Couple believe son’s death, their health issues result of high PFAS in drinking water
By Ben Solis | MLive | April 2, 2019
Read the full article by Ben Solis
"After more than a decade of drinking water that recently was determined to have high levels of PFAS and related compounds, Steven and Patsy Lamb believe the ‘forever chemicals’ were behind the untimely death of their son and their own health problems.
The couple own one of seven homes in Norton Shores near the Muskegon County Airport that were in 2018 and early 2019 found to have high levels of PFAS, including two compounds known as PFOS and PFOA, in their drinking water pulled from underground wells.
Steven Lamb was diagnosed with prostate cancer in 2016. Both he and Patsy have reported cases of high cholesterol, and their son, Jason Lamb, 41, died unexpectedly in spring 2018 of a heart attack. They believe all of those health ailments came from ingesting water tainted with high levels of PFAS.
PFAS — per and polyfluoroalklyl substances — have shown up in drinking water systems across the state and are linked to certain types of cancer, high cholesterol, hypertension in pregnancy, thyroid disease and other health problems. The primary route of exposure is ingestion.
‘We think we got hurt a bit,’ Steven Lamb said in an interview with MLive/Muskegon Chronicle. ‘But there’s nothing we can do about it. We’re not even thinking about lawsuits. We don’t feel like it’s warranted.’
However, the couple did have one clear demand from city and county leaders.
‘Hook us up to city water so we can sell the place and move on,’ Steven Lamb said. ‘That was our main concern.’
Now, after months of pressure, the Lambs may be getting what they hoped for as Muskegon County and the city of Norton Shores are working to connect six of the seven homes to city water.
Muskegon County Administrator Mark Eisenbarth and Norton Shores City Manager Mark Meyers are hoping to secure a portion of $4 million in emergency grant funding set aside by state legislators and former Gov. Rick Snyder for drinking water contamination remediation.
Even if they don’t get the grant that requires a 20 percent local match, Eisenbarth said the county will make sure the six homes are connected to the Norton Shores water system. The project is expected to cost a little more than $112,000, according to a project plan provided to the Muskegon County Board of Commissioners on Thursday, March 21.
For the Lambs, the project can’t start soon enough. The couple anticipated some sort of action from the county, and took it upon themselves over the last few months to ready their indoor plumbing for a connection to city water.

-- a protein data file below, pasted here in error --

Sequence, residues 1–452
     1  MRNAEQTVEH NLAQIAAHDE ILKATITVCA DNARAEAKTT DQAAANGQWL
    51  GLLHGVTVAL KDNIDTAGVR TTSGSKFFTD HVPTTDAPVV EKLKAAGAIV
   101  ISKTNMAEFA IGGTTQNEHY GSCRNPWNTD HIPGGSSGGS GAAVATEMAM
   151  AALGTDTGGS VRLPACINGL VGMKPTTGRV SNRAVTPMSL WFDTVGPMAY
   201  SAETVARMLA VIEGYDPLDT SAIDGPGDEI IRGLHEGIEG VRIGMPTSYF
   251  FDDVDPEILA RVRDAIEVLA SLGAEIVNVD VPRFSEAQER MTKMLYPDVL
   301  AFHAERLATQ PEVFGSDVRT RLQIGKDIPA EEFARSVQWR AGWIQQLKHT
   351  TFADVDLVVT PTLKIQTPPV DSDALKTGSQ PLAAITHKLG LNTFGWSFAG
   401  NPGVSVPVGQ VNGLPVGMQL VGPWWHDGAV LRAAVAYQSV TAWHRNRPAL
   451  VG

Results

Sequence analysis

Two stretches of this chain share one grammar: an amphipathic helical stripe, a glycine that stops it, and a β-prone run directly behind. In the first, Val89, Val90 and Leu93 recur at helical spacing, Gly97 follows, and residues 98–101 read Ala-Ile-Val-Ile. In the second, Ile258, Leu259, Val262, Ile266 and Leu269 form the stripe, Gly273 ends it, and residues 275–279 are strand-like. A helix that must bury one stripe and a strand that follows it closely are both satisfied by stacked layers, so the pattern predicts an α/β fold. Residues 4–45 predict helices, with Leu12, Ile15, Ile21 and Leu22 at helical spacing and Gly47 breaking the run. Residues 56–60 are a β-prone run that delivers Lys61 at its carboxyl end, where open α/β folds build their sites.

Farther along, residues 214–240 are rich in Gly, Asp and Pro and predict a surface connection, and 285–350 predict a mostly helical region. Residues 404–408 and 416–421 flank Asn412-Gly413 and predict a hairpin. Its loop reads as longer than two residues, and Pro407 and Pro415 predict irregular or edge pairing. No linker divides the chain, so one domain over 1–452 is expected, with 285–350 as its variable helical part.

‘They still have things to figure out, so all we can do is wait,’ Steven Lamb said. ‘We have a buyer who’s interested and now that we’ll have city water, we can move on.’
Patsy Lamb said they lived in the home in the 500 block of Porter Road where they raised their children from the early 1980s until the mid-1990s. Jason Lamb became the Porter Road home’s sole occupant until the time of his death, Patsy said.
Steven Lamb said the home previously belonged to his grandmother.
The couple currently live on Heinicke Street in a home that is connected to city water.
An ongoing investigation by the county and Michigan Department of Environmental Quality determined that the Norton Shores Fire Department had previously used a location on Porter Road to conduct training exercises using AFFF firefighting foam, which contained PFAS.
Now the Lambs wonder how long they were ingesting the PFAS and other chemicals they believe had a role in their health issues and the death of their son.
‘It’s been really hard to accept his death,’ Patsy Lamb said. ‘No one knew, but I feel guilty. I feel like as a mother, I should have known.’
The Lambs and others affected by PFAS begged Muskegon County officials to fast track water main connections for their homes.
County officials planned to wait for more data before deciding to hook homes to municipal water. But Eisenbarth said county officials changed their minds once they heard the residents’ concerns at a February public meeting to discuss the PFAS contamination…"
This content provided by the PFAS Project.